During the first half of the 2018 growing season, farmers across Iowa reported how their crops faced challenges. Too much rain in northern Iowa, too little in southeast Iowa. Temperatures were too hot, but earlier in the season they were too cool. Now that the second half of the growing season is underway, overall conditions have improved for both corn and soybeans.
USDA’s weekly survey results, as of July 15, show northern Iowa is dealing with the aftermath of heavy rains and flooding that impacted many areas over the past month while parts of southern Iowa continue to face drought conditions. “Overall, Iowa crop development continues to run well ahead of the five-year average, with corn nine days and soybeans 6 days ahead of normal,” notes Mike Naig, Iowa ag secretary.
Last week Iowa had 5.3 days for fieldwork
The weekly Iowa Crop Progress and Weather Report is available on the Iowa Department of Ag and Land Stewardship’s website iowaagriculture.gov or on USDA at nass.usda.gov/ia. The report summary follows.
Iowa farmers had 5.3 days suitable for fieldwork during the week ending July 15, according to USDA’s National Ag Statistics Service. It was the greatest number of days suitable so far, this crop year. Activities for the week included harvesting hay, scouting crops, and both ground and aerial herbicide and fungicide applications.
Topsoil moisture rated 3% very short, 11% short, 76% adequate and 10% surplus. Subsoil moisture rated 4% very short, 12% short, 72% adequate and 12% surplus. In the northern two-thirds of Iowa the flood-related nutrient loss and crop damage are a concern while drought conditions in south central and southeast Iowa persist.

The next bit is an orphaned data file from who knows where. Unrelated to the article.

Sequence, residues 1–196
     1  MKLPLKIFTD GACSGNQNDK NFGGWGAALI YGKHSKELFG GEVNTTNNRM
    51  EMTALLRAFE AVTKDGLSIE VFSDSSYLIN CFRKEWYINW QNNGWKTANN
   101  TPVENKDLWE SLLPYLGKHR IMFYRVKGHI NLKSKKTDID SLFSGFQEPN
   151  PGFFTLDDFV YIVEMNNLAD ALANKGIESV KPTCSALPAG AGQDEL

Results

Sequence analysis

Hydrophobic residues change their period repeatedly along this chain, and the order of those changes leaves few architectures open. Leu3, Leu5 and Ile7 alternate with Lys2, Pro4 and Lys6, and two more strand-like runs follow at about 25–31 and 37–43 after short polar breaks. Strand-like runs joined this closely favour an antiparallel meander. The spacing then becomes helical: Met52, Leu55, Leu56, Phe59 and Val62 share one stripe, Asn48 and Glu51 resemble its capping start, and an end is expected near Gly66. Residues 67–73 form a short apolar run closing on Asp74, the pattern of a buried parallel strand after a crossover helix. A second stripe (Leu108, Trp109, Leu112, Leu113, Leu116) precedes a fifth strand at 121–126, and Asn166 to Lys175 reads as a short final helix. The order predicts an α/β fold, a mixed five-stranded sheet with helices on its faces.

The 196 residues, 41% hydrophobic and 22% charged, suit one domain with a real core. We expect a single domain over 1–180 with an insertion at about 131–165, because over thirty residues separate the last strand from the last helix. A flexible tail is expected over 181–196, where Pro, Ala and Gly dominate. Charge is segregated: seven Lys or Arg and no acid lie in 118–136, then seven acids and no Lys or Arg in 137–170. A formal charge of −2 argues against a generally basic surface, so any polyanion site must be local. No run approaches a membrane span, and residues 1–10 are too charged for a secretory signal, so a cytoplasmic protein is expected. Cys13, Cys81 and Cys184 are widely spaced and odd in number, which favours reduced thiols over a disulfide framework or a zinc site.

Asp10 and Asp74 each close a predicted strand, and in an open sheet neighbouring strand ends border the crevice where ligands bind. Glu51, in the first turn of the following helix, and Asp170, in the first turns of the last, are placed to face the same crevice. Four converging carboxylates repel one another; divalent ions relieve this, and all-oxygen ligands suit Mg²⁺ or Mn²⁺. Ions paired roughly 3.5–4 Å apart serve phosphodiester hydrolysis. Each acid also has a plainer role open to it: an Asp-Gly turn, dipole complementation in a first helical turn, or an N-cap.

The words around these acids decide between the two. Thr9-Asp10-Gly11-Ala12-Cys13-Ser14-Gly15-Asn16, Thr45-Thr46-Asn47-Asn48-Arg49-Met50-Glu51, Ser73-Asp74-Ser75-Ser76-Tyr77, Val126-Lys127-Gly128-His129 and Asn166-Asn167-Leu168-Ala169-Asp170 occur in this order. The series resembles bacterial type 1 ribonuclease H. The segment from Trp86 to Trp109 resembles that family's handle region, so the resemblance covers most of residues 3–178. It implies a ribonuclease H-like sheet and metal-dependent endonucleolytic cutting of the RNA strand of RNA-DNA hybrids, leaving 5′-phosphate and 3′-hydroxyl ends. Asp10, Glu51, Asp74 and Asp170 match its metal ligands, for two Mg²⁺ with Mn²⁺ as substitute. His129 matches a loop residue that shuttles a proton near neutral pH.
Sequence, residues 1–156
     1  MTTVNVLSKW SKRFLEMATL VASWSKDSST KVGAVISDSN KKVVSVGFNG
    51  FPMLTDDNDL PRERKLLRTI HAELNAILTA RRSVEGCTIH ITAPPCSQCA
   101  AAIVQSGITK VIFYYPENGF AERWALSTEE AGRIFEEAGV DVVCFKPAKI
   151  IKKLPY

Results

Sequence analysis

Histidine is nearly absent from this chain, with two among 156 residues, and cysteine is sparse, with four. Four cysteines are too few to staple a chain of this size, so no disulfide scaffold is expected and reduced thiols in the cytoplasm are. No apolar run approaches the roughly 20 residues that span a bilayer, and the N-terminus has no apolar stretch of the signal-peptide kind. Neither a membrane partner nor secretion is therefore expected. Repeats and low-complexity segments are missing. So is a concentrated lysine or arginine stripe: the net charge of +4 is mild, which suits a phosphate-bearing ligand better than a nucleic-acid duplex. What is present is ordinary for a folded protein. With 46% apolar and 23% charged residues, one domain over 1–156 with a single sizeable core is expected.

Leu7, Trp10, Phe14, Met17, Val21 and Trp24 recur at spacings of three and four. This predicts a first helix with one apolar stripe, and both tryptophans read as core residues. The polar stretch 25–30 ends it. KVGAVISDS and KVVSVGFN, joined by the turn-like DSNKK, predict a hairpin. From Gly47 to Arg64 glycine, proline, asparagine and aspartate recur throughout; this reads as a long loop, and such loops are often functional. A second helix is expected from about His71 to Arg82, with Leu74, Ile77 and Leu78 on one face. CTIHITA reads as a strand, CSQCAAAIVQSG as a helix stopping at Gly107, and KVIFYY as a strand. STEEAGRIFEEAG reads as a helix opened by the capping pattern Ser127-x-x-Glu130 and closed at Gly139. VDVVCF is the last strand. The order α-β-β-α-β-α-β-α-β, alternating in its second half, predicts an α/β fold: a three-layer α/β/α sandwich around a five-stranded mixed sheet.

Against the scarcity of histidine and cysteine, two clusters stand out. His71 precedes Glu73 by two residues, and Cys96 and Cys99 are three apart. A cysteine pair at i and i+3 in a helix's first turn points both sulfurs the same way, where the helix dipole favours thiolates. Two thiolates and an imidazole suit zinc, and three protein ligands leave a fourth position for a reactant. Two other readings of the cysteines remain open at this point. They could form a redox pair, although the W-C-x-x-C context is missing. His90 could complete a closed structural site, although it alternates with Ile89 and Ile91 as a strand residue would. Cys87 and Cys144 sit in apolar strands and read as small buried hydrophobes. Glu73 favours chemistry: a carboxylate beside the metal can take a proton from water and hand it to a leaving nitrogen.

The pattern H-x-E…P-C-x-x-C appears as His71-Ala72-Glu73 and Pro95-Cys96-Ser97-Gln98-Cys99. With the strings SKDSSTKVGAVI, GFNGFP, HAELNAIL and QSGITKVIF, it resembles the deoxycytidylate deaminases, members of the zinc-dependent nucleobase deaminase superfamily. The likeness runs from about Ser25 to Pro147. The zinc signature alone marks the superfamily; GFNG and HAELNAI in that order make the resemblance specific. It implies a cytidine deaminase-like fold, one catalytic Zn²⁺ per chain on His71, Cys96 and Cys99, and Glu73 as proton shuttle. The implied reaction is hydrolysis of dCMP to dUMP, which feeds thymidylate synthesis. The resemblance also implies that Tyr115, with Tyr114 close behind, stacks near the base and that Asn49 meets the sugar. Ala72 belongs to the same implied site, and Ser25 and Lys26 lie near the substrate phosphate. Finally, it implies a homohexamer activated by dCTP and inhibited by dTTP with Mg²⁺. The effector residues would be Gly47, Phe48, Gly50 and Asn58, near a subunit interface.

Iowa corn rated 78% good-to-excellent
Iowa’s corn crop is now 68% silked, USDA’s weekly survey shows. That’s one week ahead of last year and nine days ahead of the five-year average. Condition of the 2018 Iowa crop is 78% good-to-excellent.
The survey shows 65% of the Iowa soybean crop was blooming last week, with 21% of the beans setting pods, five days ahead of last year and six days ahead of average. Soybean condition is rated 75% good-to-excellent. Meanwhile, 73% of the Iowa oat crop was turning color or beyond as of July 15, with 18% of the crop already harvested for grain. Oat condition is rated 77% good-to-excellent.
The second cutting of alfalfa hay reached 72% complete as of July 15; that’s eight days ahead of average. Dry conditions allowed hay growers to continue harvesting. Hay conditions rated 71% good-to-excellent. Pasture conditions declined slightly to 62% good-to-excellent. Heat and high humidity continued to stress livestock.
According to Justin Glisan, IDALS climatologist, it started out with rain showers in northern Iowa, but much of the state saw below-average rainfall for the week ending July 15. It was generally warm and dry. Only the northeast and northwest corners of the state recorded higher than average rainfall, anywhere from 0.5 to 1.5 inches above normal. Statewide average temperatures were 3 to 6 degrees warmer than average.
Southern Iowa saw the warmest conditions, with temperatures 8 degrees above average by week’s end; average highs pushed into the mid-90s in southern Iowa.
A fast-moving storm system brought isolated severe thunderstorms from Milford (Dickinson County) to Laurens (Pocahontas County) during the late morning hours on June 10; there were a few reports of snapped tree branches and nickel-sized hail. The line quickly dissipated as it moved into central Iowa.
Warmest temp 101 degrees
On June 11-12, Iowa had hot and dry conditions, with only a few stations reporting measurable rainfall. Lamoni in Decatur County observed the warmest temperature of the week at 101 degrees, 15 degrees above average.
Thunderstorms moved into northern Iowa late June 12, in advance of a low-pressure system moving across Iowa June 13, bringing widespread measurable rain.
30 weather stations get inch of rain
Monticello, in Jones County, observed the week’s highest accumulation of rainfall at 3.94 inches; Bloomfield in Davis County reported 2.75 inches. Over 30 stations reported accumulations over 1 inch. Severe hail and high winds were observed from Shenandoah to Clinton in the east, and north to Decorah, with multiple trees and power lines downed. The weekend was generally quiet, with lingering thunderstorms across eastern Iowa on June 14.
That evening, isolated thunderstorms popped up in extreme southeast Iowa, dropping 0.74 inch of rain on Keokuk in Lee County. June 15 was a warm and humid day across Iowa with highs in the low-to-mid 80s, accompanied by heat index in the mid-90s and a few isolated thunderstorms.